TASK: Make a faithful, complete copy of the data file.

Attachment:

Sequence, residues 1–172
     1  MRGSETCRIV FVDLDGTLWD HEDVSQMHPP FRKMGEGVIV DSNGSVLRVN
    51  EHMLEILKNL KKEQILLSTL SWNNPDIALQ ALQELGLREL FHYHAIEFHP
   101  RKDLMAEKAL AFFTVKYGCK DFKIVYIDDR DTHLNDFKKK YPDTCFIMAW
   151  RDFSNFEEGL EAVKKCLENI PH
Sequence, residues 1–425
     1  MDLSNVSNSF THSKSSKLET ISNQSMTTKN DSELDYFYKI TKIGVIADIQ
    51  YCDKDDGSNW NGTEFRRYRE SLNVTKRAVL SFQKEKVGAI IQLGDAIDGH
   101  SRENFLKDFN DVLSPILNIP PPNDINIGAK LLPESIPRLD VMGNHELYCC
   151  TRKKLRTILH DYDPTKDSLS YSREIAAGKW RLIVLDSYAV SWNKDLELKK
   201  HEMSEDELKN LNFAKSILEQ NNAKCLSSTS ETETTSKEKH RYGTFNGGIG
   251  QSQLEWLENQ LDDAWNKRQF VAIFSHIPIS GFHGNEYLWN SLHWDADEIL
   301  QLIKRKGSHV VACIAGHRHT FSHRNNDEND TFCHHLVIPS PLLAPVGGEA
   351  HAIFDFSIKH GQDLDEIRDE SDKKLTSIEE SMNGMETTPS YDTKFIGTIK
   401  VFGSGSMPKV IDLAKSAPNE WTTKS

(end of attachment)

Sequence, residues 1–172
     1  MRGSETCRIV FVDLDGTLWD HEDVSQMHPP FRKMGEGVIV DSNGSVLRVN
    51  EHMLEILKNL KKEQILLSTL SWNNPDIALQ ALQELGLREL FHYHAIEFHP
   101  RKDLMAEKAL AFFTVKYGCK DFKIVYIDDR DTHLNDFKKK YPDTCFIMAW
   151  RDFSNFEEGL EAVKKCLENI PH
Sequence, residues 1–425
     1  MDLSNVSNSF THSKSSKLET ISNQSMTTKN DSELDYFYKI TKIGVIADIQ
    51  YCDKDDGSNW NGTEFRRYRE SLNVTKRAVL SFQKEKVGAI IQLGDAIDGH
   101  SRENFLKDFN DVLSPILNIP PPNDINIGAK LLPESIPRLD VMGNHELYCC
   151  TRKKLRTILH DYDPTKDSLS YSREIAAGKW RLIVLDSYAV SWNKDLELKK
   201  HEMSEDELKN LNFAKSILEQ NNAKCLSSTS ETETTSKEKH RYGTFNGGIG
   251  QSQLEWLENQ LDDAWNKRQF VAIFSHIPIS GFHGNEYLWN SLHWDADEIL
   301  QLIKRKGSHV VACIAGHRHT FSHRNNDEND TFCHHLVIPS PLLAPVGGEA
   351  HAIFDFSIKH GQDLDEIRDE SDKKLTSIEE SMNGMETTPS YDTKFIGTIK
   401  VFGSGSMPKV IDLAKSAPNE WTTKS